In Lord of the Rings, Gandalf dies in the Mines of Moria (a dark place under the earth). Next, Gandalf the White gets involved in a bunch of battles that include ousting Saruman the White and destroying Isengard with water. Lastly, Gollum dies in a fiery (red) volcano and the eagles fly Frodo and Sam away (air).
In RWBY, Pyrrha Nikos dies on a black tower at Beacon Academy’s climax. Next, Weiss Schnee, whose name is literally “white snow,” almost dies at Haven Academy’s climax. Most recently, at the climax of Atlas Academy’s arc, Penny Polendina dies by a weapon called Crocea Mors, which means “yellow death.”
Other Phases Of AlchemySometimes yellow is included between white and red. Yellow is fire, and red is air. It’s almost always combined with red, but not in RWBY. Since RWBY is not finished, whether it has a red death remains to be seen.
RWBY names its main characters after the phases. The main four from the series are:
- Blake Belladonna (“black nightshade”)
- Weiss Schnee (“white snow”)
- Yang Xiao Long (“little sun dragon”)
- Ruby Rose
Since yellow is usually part of red, Yang is Ruby’s half-sister.
There’s also a brief “flash phase” that sometimes pops up between black and white: the rainbow. RWBY’s fifth main character is Jaune Arc. Arc references rainbows. Jaune’s also one of seven siblings all named after colors of the rainbow.
Since rainbow isn’t quite a full phase, Jaune isn’t actually a part of Team RWBY even though he’s an equally important character.
The Triangle: Alchemy’s Characters
Most of the time, characters aren’t named for phases. Phase is usually the realm of the plot. Still, characters represent an important part of alchemy.
Ever wonder why trios are a thing in fantasy stories? That’s because alchemy says three things make up a person: heart, mind, and body. Traditionally it was soul, spirit, and body, but that was even more confusing.
In a trio, each character represents one of these aspects. Remember the triangle in the philosopher’s stone symbol?
The hero is the heart character: they’re brave, emotional, and caring. The mind character is the voice of reason. The body character worries about physical safety, eats a lot, and in more adult stories, “gets around.”
Additionally, alchemy isn’t a fan of the body in the same way it is of the mind and heart. Thus, the poor body character can get left behind.
Let’s look at some modern fantasy stories:
- Harry Potter: Harry has a hero complex; Hermione is the brainiac. Ron is always eating and is often left behind in key moments.
- Lord of the Rings: Frodo is our heart-led hero. Samwise has “wise” literally in his name. Gollum constantly eats and doesn’t survive.
- Trollhunters: Jim is a brave hero. Claire is the voice of reason. They have a romance that doesn’t include Toby, who struggles with courage.
- A Song of Ice and Fire: Daenerys Targaryen has a hero complex, Jon Snow is very calculated and intelligent, and Tyrion Lannister loves to drink and sleep around. Dany and Jon are likely to have a romance, which Tyrion won’t be part of.
Two People: Opposites AttractNow let’s discuss the smaller circle with two people in the symbol. Alchemy involves combining opposites. Think about yin and yang in Taoism.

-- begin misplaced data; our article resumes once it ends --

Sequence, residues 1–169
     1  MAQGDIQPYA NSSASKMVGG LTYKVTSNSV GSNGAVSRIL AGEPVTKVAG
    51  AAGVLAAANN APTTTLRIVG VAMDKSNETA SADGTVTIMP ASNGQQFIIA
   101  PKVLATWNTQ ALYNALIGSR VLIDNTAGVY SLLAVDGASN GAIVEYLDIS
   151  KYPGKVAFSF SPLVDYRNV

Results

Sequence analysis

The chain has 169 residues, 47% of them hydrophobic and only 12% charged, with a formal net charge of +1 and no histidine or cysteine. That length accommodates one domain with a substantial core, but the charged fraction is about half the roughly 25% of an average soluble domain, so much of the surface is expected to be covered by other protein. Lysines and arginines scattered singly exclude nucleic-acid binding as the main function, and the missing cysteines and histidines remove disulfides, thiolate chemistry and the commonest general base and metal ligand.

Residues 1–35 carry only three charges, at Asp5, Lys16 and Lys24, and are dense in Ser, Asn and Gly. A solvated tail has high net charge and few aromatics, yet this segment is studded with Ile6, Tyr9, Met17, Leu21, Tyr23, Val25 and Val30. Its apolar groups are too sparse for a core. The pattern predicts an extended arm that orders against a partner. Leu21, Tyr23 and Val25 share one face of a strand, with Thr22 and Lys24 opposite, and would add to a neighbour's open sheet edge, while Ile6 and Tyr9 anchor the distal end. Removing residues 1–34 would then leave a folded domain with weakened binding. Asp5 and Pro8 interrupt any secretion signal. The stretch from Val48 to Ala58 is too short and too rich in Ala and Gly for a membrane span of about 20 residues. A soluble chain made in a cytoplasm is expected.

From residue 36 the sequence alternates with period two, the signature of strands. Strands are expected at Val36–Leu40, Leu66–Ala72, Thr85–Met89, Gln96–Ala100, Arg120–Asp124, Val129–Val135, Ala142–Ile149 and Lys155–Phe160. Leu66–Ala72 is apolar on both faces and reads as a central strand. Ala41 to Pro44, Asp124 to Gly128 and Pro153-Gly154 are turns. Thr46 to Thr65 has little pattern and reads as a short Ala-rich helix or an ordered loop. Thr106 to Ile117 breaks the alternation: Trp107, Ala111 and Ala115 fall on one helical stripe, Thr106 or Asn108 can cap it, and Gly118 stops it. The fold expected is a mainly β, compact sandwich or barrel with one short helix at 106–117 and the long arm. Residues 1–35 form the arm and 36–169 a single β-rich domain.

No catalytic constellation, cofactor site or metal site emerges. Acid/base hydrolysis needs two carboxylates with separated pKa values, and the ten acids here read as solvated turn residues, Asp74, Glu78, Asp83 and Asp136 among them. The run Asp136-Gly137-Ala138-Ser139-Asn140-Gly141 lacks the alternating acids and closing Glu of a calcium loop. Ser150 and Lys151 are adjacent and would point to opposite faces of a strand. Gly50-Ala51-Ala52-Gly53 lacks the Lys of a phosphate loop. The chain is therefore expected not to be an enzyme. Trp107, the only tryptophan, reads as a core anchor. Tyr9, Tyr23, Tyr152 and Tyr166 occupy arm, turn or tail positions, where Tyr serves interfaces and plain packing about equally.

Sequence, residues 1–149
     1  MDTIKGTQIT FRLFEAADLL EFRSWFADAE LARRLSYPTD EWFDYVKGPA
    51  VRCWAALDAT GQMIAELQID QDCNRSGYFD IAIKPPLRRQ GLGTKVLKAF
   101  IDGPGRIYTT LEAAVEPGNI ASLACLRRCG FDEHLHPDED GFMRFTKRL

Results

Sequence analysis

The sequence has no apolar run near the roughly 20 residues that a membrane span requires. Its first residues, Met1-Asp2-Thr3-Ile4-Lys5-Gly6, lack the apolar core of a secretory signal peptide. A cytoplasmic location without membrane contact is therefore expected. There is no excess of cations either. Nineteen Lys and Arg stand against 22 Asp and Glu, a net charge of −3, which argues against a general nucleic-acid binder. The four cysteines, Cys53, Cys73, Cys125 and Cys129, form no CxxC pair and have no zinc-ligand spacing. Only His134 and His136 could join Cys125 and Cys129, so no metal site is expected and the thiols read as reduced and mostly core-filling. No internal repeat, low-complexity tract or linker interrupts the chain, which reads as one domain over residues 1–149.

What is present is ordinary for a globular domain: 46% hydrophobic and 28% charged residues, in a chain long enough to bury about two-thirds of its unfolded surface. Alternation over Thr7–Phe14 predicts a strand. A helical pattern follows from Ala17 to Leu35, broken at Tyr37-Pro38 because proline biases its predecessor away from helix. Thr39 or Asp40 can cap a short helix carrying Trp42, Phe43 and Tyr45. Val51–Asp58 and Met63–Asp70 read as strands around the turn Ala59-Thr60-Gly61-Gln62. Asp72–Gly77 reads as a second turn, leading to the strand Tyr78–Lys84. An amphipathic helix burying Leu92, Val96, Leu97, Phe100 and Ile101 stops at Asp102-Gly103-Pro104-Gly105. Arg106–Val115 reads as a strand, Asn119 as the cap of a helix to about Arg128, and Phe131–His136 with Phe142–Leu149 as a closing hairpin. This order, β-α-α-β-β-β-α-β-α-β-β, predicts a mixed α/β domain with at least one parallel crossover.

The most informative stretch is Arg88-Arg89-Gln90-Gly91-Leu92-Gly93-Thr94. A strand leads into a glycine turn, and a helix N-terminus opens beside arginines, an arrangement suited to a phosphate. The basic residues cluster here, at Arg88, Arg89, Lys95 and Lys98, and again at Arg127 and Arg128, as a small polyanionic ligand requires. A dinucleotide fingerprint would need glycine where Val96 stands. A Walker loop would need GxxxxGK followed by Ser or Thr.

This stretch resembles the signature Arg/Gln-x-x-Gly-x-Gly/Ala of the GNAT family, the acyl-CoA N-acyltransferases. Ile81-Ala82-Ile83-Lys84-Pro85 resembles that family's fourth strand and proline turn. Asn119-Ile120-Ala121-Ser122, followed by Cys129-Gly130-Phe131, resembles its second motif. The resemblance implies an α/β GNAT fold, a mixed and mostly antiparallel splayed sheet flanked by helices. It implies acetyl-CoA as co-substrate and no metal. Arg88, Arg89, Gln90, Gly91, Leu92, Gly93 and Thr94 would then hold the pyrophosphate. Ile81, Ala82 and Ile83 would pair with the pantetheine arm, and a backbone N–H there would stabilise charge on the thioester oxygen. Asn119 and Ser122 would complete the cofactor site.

Alchemy has several opposites that show up as symbols in different fantasy works. These include heart and mind, sun and moon, gold and silver, fire and water, air and earth, hot and cold, and sulfur and mercury.
When these opposites combine, they create the philosopher’s stone. Traditionally, this was represented in a man and woman in the smaller circle. The man would be associated with heart, sun, gold, fire, air, hot, and sulfur. The woman would be associated with the mind, moon, silver, water, earth, cold, and mercury.
For example, let’s look at The Witcher, where Geralt and Yennefer act as Ciri’s adoptive parents. Geralt and Yennefer are opposites, and Ciri is a combination of both of them. In the books, this is even physically the case: Yennefer has black hair, Geralt white, and Ciri gray.
Hence, rather than two people acting as a stone together, The Witcher has Ciri be the full embodiment of one herself.
Writers have been playing with these associations for hundreds of years, though. In particular, gender is often subverted in fantasy stories. For example, in Shakespeare’s Romeo and Juliet, Romeo is the moon to Juliet’s sun. After they die (which saves their city, thus giving life to everyone), the Montagues build a statue of Juliet in gold.
In ASOIAF, Jon Snow is water, and Daenerys, the woman, is fire.
Let’s Make Some Gold!We’ve talked about the sun and gold’s connection, and the moon and silver’s. There are actually seven planets relevant to alchemy, all of which have an associated metal. However, unlike silver and gold, these metals are considered less refined.
In order of refinement, they are:
- Saturn & Lead
- Jupiter & Tin
- Mars & Iron
- Venus & Copper
- Mercury & well, Mercury
In fantasy, the most common that pop up, besides the sun and moon, are mercury, tin, and iron.
Named for the Roman God of War, Mars and iron symbolize violence in alchemy. Think about RWBY’s General James Ironwood, who spends his life preparing for war and eventually attempts genocide.
Another clear example is ASOIAF’s Iron Throne. How many wars has that thing caused? Plus, the Iron Bank funds the wars too. Thirdly, the Iron Islands were pillaged and pirated.
Next, tin. The Tin Man is the most obvious example. He looks for a heart (while the Scarecrow looks for a mind and the Cowardly Lion his courage).
Still, there’s another example: Stannis Baratheon. Stannis’s name is Latin for tin, and he paints a heart on his armor. Stannum is also an alloy of silver and lead, and lead is associated with Saturn. Why is this relevant? Well… Saturn in mythology kills his kids. RIP Shireen.
Now, Mercury is the messenger god. As a metal, it shifts between states easily. Alchemy thus says mercury is an instigator: unpredictable, yet able to jumpstart the process.